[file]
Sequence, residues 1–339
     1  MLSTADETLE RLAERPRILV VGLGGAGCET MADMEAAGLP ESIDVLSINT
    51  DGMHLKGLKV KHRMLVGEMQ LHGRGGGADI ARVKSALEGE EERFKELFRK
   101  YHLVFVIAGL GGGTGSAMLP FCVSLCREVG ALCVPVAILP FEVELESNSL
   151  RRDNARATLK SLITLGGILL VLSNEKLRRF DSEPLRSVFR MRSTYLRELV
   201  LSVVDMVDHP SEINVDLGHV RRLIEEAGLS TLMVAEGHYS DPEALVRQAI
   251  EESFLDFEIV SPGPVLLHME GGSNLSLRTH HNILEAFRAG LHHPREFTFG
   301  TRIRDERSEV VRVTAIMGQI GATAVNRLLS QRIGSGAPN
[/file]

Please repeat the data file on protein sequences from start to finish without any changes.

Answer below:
Sequence, residues 1–339
     1  MLSTADETLE RLAERPRILV VGLGGAGCET MADMEAAGLP ESIDVLSINT
    51  DGMHLKGLKV KHRMLVGEMQ LHGRGGGADI ARVKSALEGE EERFKELFRK
   101  YHLVFVIAGL GGGTGSAMLP FCVSLCREVG ALCVPVAILP FEVELESNSL
   151  RRDNARATLK SLITLGGILL VLSNEKLRRF DSEPLRSVFR MRSTYLRELV
   201  LSVVDMVDHP SEINVDLGHV RRLIEEAGLS TLMVAEGHYS DPEALVRQAI
   251  EESFLDFEIV SPGPVLLHME GGSNLSLRTH HNILEAFRAG LHHPREFTFG
   301  TRIRDERSEV VRVTAIMGQI GATAVNRLLS QRIGSGAPN